Deputy Director Mary Cromer was interviewed for this piece.
“Mary Cromer, deputy director of the Appalachian Citizens’ Law Center, said the federal coal mining law didn’t
foresee some of the problems arising during coal’s downward spiral.
‘SMCRA was just not designed for the end of the industry,’ Cromer said.
She and Morgan worry Blackjewel’s bankruptcy could foreshadow more mine abandonments. Functionally abandoned mines are littered across Appalachia. Operators have idled them while they hold out for a
reversal in coal’s fortunes in energy markets, the two attorneys said.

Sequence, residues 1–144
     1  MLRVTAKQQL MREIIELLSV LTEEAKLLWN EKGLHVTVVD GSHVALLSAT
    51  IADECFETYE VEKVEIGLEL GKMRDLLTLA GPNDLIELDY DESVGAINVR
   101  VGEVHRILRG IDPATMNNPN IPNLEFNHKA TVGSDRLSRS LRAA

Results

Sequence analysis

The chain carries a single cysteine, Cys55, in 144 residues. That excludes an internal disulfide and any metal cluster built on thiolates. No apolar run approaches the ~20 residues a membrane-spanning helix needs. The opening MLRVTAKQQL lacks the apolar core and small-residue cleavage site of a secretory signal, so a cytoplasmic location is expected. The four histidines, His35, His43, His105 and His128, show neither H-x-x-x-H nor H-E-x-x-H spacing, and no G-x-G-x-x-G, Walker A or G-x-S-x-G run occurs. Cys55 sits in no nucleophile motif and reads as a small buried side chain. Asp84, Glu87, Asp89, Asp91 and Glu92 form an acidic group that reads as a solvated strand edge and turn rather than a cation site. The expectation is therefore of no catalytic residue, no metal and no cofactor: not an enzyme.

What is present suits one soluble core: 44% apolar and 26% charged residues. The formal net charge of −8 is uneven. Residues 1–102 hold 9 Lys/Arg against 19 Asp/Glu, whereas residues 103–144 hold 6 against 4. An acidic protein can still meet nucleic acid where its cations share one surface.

The scope of the problem is also unclear. Cromer and Morgan urged OSMRE to create an inventory of
functionally abandoned mines as the first step in preventing financially troubled companies from permanently
walking away from their reclamation obligations.
‘If the market doesn’t improve, it’s just a matter of time until there is a whole string of Blackjewels,’ Cromer said.
The issue of mines that sit idled for years with little chance of reopening underlines the importance of SMCRA’s
contemporaneous reclamation requirement, Morgan said.
Mine operators are supposed to actively restore land while extracting coal from other parts of the mine. Morgan
said OSMRE should more strictly enforce that mandate.”
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